Monday, 10 December 2018

UN calls on Myanmar for access to Rohingya camps

UN calls on Myanmar for access to Rohingya camps

MAUNGDAW: The United Nations on Wednesday called on Myanmar to give aid agencies unhindered access to camps it has built for tens of thousands of Rohingya refugees before they can return after fleeing Myanmar military operations last year.

An international delegation advising Myanmar toured the Taung Pyo Letwe refugee camp outside the town of Maungdaw near the Bangladesh border. Video of the camp shows long, plywood houses set on a rocky field and surrounded by a wire mesh fence topped with barbed wire.

On Tuesday, Bangladesh delayed the repatriation of the largely stateless Rohingya to Myanmar as the process of compiling and verifying the list of people to be sent back was incomplete. But the UN said that necessary safeguards for the refugees were still missing.

“Until the safety and wellbeing of any child returning to Myanmar can be guaranteed, talk of repatriation is premature,” UNICEF Deputy Executive Director Justin Forsyth said in a statement. The UN refugee agency said that earlier there were continued restrictions on access for aid agencies, the media and other independent observers in Myanmar.

The UNHCR called on Myanmar to allow the necessary unhindered humanitarian access in Rakhine State and create conditions for a genuine and lasting solution. More than 688,000 Muslim Rohingya and a few hundred Hindu Rohingya have fled to Bangladesh since Aug 25 last year after the Myanmar military cracked down in the northern part of Rakhine state, amid witness reports of killings, looting and rape, in response to militant attacks on security forces.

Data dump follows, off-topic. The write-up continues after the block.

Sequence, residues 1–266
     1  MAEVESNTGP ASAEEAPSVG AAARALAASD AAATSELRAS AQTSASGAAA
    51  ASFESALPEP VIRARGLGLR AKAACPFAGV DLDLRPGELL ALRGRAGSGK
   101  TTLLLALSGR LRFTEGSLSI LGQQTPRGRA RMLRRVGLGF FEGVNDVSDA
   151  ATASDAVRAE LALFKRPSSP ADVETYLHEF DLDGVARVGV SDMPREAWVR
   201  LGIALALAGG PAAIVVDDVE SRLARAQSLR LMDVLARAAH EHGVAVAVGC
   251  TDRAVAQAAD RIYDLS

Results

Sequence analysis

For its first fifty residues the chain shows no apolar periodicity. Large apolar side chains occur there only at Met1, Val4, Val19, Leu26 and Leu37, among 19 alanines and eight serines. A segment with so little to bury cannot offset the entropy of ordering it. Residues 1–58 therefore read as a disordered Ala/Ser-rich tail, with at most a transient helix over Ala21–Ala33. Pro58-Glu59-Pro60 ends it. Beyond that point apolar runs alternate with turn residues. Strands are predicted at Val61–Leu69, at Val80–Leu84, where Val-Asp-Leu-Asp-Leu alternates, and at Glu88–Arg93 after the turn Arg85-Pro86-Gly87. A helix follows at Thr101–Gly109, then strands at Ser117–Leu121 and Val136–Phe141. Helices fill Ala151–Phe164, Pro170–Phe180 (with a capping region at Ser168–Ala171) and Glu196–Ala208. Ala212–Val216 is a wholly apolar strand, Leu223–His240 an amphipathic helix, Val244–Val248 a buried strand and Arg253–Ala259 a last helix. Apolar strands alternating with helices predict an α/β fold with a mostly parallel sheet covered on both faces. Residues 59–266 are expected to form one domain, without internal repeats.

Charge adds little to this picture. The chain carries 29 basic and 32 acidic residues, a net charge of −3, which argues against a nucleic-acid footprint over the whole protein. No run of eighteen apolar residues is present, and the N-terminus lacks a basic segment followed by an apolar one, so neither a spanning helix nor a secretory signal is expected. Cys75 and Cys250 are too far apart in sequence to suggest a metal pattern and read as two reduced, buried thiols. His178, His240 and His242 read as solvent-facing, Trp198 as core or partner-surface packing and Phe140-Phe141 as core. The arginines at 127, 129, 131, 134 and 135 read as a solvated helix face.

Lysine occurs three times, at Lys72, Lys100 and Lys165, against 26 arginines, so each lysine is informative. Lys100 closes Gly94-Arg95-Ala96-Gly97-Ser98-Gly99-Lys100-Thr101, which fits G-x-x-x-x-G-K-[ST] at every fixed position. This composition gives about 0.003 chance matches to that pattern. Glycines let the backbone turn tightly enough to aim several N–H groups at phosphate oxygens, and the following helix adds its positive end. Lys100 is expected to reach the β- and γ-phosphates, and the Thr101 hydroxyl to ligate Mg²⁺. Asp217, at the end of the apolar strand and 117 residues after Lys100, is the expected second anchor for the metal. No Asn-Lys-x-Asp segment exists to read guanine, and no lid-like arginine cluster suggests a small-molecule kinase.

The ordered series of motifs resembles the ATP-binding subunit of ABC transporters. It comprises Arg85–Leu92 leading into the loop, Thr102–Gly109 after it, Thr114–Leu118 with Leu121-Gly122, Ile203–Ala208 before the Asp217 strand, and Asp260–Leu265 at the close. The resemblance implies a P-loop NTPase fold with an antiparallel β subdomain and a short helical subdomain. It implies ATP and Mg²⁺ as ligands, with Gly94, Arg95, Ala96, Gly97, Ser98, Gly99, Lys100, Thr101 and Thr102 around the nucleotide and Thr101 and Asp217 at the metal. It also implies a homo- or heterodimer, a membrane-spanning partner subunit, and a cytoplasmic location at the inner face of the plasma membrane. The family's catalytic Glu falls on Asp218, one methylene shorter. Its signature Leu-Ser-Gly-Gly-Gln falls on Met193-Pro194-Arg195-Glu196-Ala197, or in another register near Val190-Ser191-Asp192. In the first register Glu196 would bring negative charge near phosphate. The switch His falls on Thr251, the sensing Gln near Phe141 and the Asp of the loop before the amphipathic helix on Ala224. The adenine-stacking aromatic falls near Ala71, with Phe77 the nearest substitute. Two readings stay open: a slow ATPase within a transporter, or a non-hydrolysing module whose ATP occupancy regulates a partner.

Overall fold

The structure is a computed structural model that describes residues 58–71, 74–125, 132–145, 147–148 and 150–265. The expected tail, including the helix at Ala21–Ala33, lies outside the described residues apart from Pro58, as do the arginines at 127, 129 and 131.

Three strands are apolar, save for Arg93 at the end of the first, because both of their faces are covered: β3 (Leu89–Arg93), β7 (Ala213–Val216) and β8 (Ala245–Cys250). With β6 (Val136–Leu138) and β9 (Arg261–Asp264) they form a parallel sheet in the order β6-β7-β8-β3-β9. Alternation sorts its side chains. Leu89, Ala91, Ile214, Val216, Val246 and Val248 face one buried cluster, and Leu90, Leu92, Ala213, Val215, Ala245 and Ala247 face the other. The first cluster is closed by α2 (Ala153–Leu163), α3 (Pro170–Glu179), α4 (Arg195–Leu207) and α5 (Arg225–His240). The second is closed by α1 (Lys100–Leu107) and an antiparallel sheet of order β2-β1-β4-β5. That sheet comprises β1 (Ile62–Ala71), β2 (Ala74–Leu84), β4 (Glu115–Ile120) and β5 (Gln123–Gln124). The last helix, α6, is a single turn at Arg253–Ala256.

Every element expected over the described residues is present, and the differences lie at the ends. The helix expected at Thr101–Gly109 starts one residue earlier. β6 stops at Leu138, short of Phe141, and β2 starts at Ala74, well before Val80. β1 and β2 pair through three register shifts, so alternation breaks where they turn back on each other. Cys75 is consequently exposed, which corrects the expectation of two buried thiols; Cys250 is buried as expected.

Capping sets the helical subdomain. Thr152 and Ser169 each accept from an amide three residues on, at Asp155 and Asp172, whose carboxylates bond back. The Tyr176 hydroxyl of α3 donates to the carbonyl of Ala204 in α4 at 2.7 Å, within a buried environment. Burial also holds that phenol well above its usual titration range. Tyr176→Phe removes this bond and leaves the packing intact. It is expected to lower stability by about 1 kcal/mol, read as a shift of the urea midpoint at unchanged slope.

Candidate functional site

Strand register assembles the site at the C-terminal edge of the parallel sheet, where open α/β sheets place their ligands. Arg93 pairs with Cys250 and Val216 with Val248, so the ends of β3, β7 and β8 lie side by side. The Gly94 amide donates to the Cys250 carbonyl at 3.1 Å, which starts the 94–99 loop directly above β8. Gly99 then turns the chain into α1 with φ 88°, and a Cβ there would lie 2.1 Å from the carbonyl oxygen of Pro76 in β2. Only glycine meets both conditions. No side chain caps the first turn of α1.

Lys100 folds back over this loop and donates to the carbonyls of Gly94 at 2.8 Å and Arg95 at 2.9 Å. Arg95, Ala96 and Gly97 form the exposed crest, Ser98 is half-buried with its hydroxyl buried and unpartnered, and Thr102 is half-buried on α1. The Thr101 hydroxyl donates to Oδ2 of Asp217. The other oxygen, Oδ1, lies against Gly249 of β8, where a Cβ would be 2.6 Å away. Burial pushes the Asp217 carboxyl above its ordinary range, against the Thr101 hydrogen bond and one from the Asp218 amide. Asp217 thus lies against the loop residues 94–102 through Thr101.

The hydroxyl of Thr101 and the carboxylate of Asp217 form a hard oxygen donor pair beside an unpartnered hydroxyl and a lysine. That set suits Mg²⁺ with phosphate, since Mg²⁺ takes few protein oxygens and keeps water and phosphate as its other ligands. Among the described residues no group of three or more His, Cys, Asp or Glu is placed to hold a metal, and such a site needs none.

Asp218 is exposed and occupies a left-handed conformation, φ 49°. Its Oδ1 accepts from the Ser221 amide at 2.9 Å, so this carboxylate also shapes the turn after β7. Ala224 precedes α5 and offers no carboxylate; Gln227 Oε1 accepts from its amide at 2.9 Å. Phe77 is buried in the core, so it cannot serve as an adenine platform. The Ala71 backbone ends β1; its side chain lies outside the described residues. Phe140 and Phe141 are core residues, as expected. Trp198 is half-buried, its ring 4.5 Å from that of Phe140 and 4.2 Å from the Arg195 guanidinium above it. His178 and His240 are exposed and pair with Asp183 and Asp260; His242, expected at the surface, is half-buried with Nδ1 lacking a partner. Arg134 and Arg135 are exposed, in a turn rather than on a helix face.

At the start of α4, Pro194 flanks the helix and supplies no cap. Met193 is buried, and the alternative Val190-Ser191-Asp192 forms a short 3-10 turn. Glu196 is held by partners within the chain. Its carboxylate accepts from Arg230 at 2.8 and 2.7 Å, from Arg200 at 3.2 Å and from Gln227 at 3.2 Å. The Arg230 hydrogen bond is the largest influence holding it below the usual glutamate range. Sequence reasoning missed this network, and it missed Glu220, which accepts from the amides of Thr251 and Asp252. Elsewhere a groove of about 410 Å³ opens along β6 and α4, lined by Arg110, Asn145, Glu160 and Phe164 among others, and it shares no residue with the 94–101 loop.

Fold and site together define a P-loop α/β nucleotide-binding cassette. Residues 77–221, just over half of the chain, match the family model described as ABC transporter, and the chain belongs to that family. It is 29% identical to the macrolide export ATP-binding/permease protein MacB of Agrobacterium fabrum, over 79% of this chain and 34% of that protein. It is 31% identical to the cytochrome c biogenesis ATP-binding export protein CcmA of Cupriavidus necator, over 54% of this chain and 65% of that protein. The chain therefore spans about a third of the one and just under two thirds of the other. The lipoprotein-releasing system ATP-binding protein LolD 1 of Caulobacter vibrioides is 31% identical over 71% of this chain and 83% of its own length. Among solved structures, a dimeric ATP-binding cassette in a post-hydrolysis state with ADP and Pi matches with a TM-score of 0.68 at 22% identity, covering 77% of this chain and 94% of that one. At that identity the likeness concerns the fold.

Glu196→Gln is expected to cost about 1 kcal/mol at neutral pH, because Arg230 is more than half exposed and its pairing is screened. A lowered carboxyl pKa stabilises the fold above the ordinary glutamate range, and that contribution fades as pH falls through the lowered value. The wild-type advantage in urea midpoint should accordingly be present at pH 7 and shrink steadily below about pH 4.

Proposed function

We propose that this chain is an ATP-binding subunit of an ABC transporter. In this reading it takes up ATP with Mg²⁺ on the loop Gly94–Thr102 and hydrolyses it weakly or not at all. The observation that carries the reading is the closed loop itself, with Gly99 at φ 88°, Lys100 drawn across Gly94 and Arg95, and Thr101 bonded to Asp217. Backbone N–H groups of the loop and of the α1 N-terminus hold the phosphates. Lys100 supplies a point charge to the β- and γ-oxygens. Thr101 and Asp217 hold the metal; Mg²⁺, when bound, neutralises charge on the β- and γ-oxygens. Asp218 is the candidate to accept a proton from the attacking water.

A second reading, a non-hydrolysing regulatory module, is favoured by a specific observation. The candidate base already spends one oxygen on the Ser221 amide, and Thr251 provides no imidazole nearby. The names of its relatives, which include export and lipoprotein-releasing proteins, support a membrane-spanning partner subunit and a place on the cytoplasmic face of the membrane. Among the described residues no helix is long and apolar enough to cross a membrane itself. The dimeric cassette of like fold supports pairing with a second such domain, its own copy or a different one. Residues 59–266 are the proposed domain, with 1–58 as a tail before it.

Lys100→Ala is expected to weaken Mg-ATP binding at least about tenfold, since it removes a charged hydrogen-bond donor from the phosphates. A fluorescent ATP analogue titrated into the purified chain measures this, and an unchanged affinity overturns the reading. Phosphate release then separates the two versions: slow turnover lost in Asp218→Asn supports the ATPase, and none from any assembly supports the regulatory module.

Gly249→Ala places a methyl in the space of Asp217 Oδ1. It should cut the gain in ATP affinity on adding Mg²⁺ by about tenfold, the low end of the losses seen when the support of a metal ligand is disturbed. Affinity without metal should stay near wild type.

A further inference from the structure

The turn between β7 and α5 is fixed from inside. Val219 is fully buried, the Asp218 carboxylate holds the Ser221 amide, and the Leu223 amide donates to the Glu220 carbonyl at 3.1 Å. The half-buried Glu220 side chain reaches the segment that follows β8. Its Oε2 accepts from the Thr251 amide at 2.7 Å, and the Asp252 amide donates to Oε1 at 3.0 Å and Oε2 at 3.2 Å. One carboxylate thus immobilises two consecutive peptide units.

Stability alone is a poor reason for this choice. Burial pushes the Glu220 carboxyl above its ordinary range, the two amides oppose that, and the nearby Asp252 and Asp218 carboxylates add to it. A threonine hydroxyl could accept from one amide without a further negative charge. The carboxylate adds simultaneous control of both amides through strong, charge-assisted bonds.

Many in Myanmar regard the Rohingya community as ‘illegal’ immigrants from Bangladesh. The United Nations described Myanmar’s crackdown as ethnic cleansing, which Myanmar denies. On Tuesday, Myanmar officials told a news conference that Bangladesh was not ready to send back the refugees as scheduled because the potential returnees hadn’t completed the forms Myanmar provided attesting to their former residence in Myanmar.

“They also have to check with the UNHCR about whether it’s voluntary,” Minister of International Cooperation Kyaw Tin told the news conference. “They need a lot of time to fill out the forms and to determine if they really want to come back.” A Bangladesh official who participated in the talks with Myanmar said that the UNHCR would be involved in the process to ensure the repatriations would be voluntary.

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